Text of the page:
Monday, August 20, 2018

Retail prophet: Provide added value to compete against Amazon

By on February 5, 2018

SAN JUAN – Retail stores in Puerto Rico can compete and beat online sales giant Amazon if they can offer a service experience beyond the product itself, said industry futurist Doug Stephens, aka the “retail prophet.”

“If the difference between your business winning or losing customers against Amazon is the payment of the sales tax, I think you have a serious problem. I think your problems are deeper than that. Because if a consumer is willing to do business with Amazon, just because they can get the same product for a slightly lower price, it is indicative that you do not provide, in any way, a service experience beyond the product itself,” Stephens said in a phone interview with CyberNews.

The 53-year-old Canadian is a retail market consultant, speaker and writer. He is also the founder of www.retailprophet.com.

From his experience of more than 20 years in the retail market, the main speaker of the annual forum of the Retail Trade Association (ACDET by its Spanish initials) understands that added value has a lot of weight at the time of purchase.

“In the end, what our studies tell us is that price is important for consumers, but that is only a value modifier. If all other factors are equal, certainly the price will be the reason for which the customer will make the decision. But if the retailer, in addition to the product at a competitive price, offers a wonderful shopping experience, if it offers service after the purchase and if it offers a reward or incentive program, in which the consumer may feel a part, it is possible the retailer wins that customer from Amazon. But if the only thing the retailer does is offer the same product at a slightly higher price, with no added value for the customer, it will certainly lose against Amazon,” he added.

Doug Stephens (Courtesy)

Companies wishing to be successful in the future must look to e-commerce, Stephens assured, but above all, seek effectiveness in the shipping side. He understands that the problems companies like Amazon face in shipping merchandise abroad are temporary.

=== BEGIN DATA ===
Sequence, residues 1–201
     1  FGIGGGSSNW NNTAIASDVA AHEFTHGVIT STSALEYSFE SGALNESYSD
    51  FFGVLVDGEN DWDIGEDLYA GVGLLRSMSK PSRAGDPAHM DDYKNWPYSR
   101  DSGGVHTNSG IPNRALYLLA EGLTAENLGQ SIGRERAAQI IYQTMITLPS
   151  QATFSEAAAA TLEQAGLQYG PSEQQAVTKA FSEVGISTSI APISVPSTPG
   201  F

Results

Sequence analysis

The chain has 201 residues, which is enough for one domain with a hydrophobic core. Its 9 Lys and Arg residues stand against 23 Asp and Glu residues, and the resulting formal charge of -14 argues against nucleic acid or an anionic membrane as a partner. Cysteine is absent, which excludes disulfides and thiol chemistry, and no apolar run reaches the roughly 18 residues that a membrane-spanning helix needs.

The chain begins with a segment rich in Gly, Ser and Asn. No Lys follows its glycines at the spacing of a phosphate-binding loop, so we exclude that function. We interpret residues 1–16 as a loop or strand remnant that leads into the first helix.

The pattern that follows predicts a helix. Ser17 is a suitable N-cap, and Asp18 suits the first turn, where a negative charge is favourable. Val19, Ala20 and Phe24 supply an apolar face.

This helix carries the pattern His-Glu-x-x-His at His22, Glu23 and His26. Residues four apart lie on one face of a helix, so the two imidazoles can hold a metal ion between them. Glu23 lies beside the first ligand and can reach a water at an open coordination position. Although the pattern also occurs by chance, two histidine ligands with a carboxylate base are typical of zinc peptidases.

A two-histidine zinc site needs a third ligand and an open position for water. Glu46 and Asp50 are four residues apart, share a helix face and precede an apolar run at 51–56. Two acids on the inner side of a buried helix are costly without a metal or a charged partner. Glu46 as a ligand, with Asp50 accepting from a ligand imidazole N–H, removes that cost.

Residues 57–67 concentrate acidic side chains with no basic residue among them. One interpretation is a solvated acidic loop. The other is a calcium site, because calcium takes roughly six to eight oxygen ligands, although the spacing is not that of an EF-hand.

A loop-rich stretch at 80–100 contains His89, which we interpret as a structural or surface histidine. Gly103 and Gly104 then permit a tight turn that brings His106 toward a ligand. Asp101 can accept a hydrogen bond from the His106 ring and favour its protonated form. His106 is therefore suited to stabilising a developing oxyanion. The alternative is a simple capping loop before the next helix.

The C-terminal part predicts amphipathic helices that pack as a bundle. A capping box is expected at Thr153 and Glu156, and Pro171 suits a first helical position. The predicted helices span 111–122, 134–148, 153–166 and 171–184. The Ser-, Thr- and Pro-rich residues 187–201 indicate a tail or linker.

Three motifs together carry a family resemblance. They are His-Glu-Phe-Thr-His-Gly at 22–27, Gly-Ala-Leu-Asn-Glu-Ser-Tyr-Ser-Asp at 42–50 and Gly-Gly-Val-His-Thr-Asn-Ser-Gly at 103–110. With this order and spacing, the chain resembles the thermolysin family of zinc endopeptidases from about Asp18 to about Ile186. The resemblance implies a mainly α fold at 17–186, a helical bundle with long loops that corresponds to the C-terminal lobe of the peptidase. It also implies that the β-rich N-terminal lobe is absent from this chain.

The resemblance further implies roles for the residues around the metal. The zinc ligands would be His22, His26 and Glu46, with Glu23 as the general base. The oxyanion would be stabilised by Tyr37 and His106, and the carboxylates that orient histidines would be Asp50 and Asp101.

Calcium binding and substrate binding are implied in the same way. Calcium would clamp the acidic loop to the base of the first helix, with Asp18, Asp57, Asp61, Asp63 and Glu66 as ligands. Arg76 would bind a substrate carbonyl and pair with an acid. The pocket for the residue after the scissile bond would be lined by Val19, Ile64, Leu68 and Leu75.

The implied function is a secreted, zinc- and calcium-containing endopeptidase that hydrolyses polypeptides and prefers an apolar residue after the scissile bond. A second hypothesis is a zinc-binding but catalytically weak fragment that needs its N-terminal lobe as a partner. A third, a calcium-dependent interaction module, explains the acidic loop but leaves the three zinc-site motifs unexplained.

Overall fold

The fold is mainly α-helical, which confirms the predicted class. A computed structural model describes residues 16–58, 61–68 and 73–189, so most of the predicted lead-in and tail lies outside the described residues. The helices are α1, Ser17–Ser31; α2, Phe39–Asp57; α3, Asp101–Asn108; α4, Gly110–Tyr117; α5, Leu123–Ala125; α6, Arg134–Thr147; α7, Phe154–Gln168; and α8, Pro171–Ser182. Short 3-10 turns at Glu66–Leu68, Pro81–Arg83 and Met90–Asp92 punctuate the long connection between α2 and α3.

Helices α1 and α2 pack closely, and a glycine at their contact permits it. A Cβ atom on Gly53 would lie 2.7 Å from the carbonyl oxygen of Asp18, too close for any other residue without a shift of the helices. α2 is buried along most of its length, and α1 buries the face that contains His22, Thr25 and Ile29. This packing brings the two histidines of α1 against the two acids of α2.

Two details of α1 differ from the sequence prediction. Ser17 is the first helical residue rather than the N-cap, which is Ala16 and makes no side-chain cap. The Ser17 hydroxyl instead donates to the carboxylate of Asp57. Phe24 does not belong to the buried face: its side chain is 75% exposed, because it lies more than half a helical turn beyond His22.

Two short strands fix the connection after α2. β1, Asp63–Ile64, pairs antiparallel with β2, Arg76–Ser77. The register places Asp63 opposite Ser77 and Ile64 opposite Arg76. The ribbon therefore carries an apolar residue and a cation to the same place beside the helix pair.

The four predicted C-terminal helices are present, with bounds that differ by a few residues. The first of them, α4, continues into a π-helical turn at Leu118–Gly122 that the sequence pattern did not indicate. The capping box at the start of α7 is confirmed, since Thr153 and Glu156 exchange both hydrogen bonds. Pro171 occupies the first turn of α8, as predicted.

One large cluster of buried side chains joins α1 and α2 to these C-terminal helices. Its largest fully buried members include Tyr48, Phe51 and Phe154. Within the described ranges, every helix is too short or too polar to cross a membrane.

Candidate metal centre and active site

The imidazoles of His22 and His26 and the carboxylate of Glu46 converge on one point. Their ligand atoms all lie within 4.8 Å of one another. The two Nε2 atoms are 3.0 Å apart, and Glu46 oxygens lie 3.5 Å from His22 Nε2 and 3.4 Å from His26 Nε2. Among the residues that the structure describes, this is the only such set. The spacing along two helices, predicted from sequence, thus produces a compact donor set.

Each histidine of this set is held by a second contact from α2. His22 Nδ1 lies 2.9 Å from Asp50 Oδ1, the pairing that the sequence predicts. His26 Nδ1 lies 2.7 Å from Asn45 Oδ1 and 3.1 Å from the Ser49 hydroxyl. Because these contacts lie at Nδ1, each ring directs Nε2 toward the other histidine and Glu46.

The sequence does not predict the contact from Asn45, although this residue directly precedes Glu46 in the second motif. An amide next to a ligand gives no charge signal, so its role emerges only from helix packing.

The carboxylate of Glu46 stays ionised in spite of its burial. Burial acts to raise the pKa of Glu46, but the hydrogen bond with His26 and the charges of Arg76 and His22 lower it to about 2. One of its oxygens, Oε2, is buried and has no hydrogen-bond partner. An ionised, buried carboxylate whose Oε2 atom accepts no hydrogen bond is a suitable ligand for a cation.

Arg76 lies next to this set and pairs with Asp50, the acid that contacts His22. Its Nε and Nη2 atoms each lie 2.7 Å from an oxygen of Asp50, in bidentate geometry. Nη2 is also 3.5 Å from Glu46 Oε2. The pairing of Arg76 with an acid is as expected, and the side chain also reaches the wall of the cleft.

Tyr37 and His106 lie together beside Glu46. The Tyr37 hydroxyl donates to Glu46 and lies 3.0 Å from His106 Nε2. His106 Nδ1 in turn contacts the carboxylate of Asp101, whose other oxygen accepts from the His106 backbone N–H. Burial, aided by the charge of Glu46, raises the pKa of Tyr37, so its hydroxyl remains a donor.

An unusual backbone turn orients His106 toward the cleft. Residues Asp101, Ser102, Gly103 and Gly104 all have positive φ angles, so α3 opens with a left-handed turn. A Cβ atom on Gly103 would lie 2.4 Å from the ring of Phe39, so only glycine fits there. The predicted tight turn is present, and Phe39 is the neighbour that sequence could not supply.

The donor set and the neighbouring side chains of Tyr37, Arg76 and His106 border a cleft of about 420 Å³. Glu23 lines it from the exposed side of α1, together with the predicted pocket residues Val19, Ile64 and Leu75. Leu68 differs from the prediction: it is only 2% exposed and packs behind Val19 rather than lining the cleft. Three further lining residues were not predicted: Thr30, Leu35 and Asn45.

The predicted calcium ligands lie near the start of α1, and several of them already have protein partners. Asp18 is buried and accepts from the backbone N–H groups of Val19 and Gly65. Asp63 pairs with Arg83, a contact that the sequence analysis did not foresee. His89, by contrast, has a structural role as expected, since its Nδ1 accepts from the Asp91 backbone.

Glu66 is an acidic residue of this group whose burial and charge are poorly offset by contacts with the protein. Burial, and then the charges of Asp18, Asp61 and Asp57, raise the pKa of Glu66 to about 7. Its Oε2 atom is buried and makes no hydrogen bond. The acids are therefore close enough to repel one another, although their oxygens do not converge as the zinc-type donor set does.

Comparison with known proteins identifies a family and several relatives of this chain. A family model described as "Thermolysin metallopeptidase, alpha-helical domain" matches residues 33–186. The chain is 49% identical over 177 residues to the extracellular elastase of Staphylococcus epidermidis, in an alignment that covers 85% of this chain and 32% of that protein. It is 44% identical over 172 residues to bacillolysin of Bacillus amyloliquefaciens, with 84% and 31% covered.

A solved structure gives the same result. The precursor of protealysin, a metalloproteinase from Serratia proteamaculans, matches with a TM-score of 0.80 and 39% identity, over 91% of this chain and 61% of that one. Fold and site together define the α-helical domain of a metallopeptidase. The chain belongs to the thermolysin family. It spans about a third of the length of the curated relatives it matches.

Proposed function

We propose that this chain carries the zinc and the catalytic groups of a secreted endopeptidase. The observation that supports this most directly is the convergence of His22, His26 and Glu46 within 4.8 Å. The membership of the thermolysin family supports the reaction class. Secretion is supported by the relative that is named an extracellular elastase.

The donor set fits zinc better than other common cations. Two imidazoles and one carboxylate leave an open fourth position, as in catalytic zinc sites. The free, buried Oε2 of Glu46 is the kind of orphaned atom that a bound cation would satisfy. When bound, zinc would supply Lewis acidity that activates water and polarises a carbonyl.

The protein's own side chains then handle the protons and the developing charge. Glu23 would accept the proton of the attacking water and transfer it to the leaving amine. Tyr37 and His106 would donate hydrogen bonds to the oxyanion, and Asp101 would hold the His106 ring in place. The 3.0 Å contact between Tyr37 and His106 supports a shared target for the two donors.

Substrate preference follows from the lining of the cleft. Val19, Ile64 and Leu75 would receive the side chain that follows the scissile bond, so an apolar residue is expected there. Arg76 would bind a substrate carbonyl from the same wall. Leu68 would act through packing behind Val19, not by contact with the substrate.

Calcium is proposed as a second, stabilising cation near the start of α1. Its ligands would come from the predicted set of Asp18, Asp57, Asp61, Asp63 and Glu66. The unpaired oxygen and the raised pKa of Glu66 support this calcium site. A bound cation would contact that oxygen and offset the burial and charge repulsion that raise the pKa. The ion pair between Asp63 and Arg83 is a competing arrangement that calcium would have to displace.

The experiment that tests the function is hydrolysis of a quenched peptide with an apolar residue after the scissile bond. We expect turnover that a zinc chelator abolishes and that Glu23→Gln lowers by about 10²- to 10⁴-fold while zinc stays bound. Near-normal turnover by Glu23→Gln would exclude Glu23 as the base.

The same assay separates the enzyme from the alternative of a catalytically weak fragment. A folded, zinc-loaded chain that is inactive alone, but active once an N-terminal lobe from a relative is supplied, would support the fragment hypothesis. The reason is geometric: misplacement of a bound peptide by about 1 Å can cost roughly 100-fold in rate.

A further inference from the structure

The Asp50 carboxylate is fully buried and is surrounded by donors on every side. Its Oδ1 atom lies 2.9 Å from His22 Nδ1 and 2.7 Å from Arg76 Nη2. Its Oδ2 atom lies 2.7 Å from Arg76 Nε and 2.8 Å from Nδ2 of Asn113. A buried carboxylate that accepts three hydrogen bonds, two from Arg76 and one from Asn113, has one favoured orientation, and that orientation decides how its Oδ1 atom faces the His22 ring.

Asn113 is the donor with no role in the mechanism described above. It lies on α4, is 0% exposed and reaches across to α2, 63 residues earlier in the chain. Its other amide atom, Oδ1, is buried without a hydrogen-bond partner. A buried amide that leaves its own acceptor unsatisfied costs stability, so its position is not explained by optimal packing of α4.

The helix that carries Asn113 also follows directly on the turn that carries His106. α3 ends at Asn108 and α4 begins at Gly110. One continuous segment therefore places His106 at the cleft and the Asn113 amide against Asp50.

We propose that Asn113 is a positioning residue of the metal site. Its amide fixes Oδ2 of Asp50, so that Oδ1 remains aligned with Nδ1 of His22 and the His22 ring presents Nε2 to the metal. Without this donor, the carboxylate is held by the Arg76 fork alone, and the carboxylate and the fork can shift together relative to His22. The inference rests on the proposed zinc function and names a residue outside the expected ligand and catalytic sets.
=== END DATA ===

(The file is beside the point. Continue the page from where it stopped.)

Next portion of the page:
“My belief is there is not going to be a place on Earth where there will be no facility to get a product, whether Amazon.com, Alibaba.com or Walmart.com. I believe that online commerce will be pervasive, ubiquitous.

“My advice to the retailers of Puerto Rico is that they start working now to serve their market through online commerce. And I know that has to be a collaborative effort between the business sector and the government, so they build the infrastructure that can serve customers. If they don’t, they’ll be beat as soon as a foreign company finds out how to effectively send to that market,” he said.

The expert also believes that the way in which sales locations currently work has to evolve.

“More and more products come to us without even stepping into a store. In that reality, however, we are going to need physical spaces to go to learn about new products, to inspire ourselves to buy and to occasionally speak with experts to help us better understand how the products work.

“But I don’t think we’ll need the stores in the way we know them today, which is a product distribution system. The store of the future will be a place to have experiences with the products and with people,” he said.

Another way they can compete against Amazon is what Stephens called its weaknesses.

“I buy a lot of things for Amazon, which are products that you do not need to touch or feel before you buy them. I go to Amazon when I know exactly what I am going to buy and what I want. Amazon is a very effective tool for that type of product. Where Amazon is not at all effective is in terms of discovering new products. Products that I don’t know exist and that I don’t know if I need them.

“Neither are they effective in products that require instructions or help. Nor are they effective in products that I need to try first before buying them. There are many ways in which retailers can fight Amazon. Certainly there are situations in which consumers simply don’t care and will continue buying at Amazon. There’s no escaping that,” he said.

“It’s important that retailers ask themselves: What can I offer a consumer above and beyond the product itself that will provide enough added value so the customer prefers to come to me, instead of going to Amazon? That is an important question everyone should ask themselves.

The truth is many retailers don’t provide exciting experiences. Many retail businesses are not attractive. They’re not fun at all to go to. If we can focus on those things, it is very possible that we can fight against Amazon,” Stephens said.

He will be one of the special guests of the Retail Association’s annual forum March 7 at the Sheraton Puerto Rico Convention Center Hotel & Casino in San Juan.

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